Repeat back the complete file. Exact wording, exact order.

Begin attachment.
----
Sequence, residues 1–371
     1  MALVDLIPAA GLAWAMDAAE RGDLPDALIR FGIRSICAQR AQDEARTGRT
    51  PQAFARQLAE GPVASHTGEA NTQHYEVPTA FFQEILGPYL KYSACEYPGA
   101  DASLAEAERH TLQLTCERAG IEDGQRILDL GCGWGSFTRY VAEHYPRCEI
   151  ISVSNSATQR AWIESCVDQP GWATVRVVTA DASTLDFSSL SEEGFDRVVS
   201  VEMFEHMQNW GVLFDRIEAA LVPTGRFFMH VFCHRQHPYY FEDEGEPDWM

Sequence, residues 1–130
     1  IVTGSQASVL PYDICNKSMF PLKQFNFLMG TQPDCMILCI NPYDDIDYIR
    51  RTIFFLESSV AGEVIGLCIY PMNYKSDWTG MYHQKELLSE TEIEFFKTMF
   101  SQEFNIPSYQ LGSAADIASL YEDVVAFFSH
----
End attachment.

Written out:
Sequence, residues 1–371
     1  MALVDLIPAA GLAWAMDAAE RGDLPDALIR FGIRSICAQR AQDEARTGRT
    51  PQAFARQLAE GPVASHTGEA NTQHYEVPTA FFQEILGPYL KYSACEYPGA
   101  DASLAEAERH TLQLTCERAG IEDGQRILDL GCGWGSFTRY VAEHYPRCEI
   151  ISVSNSATQR AWIESCVDQP GWATVRVVTA DASTLDFSSL SEEGFDRVVS
   201  VEMFEHMQNW GVLFDRIEAA LVPTGRFFMH VFCHRQHPYY FEDEGEPDWM

Sequence, residues 1–130
     1  IVTGSQASVL PYDICNKSMF PLKQFNFLMG TQPDCMILCI NPYDDIDYIR
    51  RTIFFLESSV AGEVIGLCIY PMNYKSDWTG MYHQKELLSE TEIEFFKTMF
   101  SQEFNIPSYQ LGSAADIASL YEDVVAFFSH